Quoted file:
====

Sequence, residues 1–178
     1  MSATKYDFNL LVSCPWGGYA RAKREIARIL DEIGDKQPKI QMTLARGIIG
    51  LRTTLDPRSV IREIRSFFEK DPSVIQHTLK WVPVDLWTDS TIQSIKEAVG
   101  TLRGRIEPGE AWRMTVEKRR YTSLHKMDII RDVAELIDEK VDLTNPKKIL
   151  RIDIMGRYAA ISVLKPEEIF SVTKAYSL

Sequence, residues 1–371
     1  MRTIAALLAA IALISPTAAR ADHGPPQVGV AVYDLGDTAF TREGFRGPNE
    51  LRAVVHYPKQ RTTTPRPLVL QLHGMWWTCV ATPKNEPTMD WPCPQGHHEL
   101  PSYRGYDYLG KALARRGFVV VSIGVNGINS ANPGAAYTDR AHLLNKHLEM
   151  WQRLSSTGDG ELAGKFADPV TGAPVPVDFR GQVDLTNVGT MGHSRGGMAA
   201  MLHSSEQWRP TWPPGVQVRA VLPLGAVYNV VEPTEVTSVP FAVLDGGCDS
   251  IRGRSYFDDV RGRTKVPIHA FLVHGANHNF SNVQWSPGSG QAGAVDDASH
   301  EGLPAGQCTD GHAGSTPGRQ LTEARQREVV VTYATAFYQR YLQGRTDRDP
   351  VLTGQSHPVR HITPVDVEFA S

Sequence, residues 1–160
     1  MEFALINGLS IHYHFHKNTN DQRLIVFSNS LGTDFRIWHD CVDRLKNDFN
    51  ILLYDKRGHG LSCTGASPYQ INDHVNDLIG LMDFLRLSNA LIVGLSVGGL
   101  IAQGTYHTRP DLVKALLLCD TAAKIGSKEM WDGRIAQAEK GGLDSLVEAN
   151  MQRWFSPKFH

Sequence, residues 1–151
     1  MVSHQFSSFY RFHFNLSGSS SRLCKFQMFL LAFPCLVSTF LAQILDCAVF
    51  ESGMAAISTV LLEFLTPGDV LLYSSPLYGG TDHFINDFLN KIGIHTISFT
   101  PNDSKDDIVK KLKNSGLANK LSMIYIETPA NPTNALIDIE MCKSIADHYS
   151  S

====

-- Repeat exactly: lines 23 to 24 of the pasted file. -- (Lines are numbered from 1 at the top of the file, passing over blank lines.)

   101  PNDSKDDIVK KLKNSGLANK LSMIYIETPA NPTNALIDIE MCKSIADHYS
   151  S